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Reader Comments (16)

Posted: Sep 12th 2009 9:31PM (Unverified) said

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This is heavily flawed becuase if you teach people high end engines at college and they try to make thier own games after the graduate, their classes will be for nothing becuase the average joe cannot possibly afford CRYengine or Unreal Engine or 3dsmax or any of those tools.

They will have to seek out other cheaper alternatives and have to learn all over again anyways. So it's pointless to go to game design schools becuase I seriously doubt if they teach courses using open source engines and 3d editors.

Posted: Sep 12th 2009 10:48PM jpkustra said

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So colleges should just used dumbed down software so that when students get out into the "real world" then they have no idea what kind of possibilities there are with more advanced technology? Your logic is horrible and I doubt you even ever went to college. I would have loved the opportunity to learn on the advanced 3D engines in a school environment and I'm glad to see they're doing this. It's more of a marketing move than anything but the best way to get good people to use your product is to give lots of people a chance to use it. Then they're more likely to use it for development because they are familiar with it.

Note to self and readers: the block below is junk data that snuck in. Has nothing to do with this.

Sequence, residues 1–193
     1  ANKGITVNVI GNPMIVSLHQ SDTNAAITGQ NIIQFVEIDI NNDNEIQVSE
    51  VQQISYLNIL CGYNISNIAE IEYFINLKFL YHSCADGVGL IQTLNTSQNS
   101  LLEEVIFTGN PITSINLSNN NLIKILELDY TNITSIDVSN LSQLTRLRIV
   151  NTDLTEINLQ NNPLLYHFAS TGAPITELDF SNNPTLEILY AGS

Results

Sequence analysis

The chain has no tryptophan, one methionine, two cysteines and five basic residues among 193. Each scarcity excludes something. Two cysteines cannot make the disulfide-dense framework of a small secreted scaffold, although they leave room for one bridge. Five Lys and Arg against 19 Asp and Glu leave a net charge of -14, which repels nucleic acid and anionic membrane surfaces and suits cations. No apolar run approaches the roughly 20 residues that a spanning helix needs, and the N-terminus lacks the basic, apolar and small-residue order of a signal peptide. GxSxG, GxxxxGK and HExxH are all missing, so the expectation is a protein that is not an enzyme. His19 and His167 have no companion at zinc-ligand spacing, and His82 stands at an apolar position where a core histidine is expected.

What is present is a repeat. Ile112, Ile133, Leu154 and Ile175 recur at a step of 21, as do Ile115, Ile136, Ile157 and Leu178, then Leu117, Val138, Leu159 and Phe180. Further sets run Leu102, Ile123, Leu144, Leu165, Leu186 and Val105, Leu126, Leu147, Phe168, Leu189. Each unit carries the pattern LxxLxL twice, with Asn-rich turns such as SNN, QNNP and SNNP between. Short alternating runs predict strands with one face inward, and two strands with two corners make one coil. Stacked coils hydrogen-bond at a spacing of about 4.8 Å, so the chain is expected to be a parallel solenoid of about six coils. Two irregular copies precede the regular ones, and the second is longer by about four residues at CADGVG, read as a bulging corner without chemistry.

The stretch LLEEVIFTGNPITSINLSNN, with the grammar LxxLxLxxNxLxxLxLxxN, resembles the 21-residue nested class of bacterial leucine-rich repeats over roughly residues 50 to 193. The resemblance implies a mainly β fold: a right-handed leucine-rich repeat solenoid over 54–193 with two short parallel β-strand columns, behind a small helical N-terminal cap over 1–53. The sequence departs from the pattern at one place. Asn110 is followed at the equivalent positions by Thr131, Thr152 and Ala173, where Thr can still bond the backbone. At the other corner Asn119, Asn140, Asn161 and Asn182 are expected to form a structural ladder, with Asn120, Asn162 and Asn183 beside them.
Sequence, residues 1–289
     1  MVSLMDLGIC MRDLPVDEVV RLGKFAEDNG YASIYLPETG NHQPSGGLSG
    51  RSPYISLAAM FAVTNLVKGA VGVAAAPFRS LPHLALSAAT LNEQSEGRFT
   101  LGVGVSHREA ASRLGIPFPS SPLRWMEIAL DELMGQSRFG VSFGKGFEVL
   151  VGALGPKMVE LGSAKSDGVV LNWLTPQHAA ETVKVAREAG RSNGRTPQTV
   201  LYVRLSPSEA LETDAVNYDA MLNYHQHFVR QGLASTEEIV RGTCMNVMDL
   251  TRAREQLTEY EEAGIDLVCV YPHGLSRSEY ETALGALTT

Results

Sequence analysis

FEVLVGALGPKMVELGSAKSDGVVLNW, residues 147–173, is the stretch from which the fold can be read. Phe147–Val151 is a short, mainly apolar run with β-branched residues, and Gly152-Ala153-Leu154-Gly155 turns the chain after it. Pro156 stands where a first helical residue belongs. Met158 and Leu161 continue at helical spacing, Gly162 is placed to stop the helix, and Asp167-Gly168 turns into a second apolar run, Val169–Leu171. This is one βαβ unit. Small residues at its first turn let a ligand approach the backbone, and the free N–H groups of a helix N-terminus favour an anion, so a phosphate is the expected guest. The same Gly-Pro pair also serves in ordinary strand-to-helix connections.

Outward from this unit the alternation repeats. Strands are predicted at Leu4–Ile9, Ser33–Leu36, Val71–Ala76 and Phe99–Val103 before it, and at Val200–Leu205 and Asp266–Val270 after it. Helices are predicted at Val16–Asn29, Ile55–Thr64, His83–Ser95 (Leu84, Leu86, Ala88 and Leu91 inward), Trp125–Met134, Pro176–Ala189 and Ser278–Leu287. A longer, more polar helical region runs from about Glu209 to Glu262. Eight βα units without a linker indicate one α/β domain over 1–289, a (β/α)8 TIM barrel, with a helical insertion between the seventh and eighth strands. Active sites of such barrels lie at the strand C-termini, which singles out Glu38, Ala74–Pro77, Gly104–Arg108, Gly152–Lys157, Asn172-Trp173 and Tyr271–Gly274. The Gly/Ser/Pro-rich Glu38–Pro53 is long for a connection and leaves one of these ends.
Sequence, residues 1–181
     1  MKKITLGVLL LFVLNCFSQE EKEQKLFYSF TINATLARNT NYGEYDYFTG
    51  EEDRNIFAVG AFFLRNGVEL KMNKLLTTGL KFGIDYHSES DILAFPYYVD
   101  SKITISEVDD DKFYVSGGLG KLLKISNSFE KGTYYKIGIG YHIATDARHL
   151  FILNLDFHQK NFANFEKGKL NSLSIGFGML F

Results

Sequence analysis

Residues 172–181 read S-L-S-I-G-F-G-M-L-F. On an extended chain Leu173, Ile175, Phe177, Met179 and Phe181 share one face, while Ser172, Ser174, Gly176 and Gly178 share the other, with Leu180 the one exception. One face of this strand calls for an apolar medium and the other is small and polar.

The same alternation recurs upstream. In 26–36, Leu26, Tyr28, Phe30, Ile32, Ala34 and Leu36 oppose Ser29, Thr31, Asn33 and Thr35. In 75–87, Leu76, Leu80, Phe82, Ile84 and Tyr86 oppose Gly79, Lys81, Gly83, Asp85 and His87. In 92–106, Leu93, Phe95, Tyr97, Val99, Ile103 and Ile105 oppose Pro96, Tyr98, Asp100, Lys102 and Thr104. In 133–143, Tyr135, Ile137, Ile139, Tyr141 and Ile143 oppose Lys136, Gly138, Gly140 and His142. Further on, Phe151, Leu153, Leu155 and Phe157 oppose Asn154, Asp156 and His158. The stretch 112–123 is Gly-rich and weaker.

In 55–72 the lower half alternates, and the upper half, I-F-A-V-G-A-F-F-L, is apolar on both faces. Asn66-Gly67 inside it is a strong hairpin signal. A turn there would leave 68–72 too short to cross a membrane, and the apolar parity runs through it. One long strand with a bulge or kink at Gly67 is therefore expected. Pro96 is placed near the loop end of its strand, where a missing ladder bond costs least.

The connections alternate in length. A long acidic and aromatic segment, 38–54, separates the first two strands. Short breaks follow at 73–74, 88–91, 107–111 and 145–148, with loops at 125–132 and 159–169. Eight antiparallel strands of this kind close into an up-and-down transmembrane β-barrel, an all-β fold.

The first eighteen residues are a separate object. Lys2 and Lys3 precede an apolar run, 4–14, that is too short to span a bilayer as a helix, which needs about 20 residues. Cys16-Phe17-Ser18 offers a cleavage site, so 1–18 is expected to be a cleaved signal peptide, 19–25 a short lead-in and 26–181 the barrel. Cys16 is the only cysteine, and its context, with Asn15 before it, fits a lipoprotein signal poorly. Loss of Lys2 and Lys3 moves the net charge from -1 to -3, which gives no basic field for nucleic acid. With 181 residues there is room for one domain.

What would you have said to this if Blizzard had released their WoW engine to schools?
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Posted: Sep 12th 2009 10:38PM cray said

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So you are suggesting colleges teach cheaper alternatives so that when students graduate and apply for jobs in game development industry they can't get hired because their education is outdated.

Nobody is expecting students to start up a game development company right out of college. Even if it were expected, and the equipment, software was cheap. You still need capital (money) to create a new business regardless of what industry you're in.

Posted: Sep 13th 2009 12:03AM Myria said

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The bulk of one's job-specific education is always outdated by graduation, if not before. In my industry we had a phrase to describe the knowledge base of engineers fresh out of school: 80% of what they know is too old to be useful, 20% is too new to be useful. That applies to most vocations, it's simply inherent in higher education as it exists today.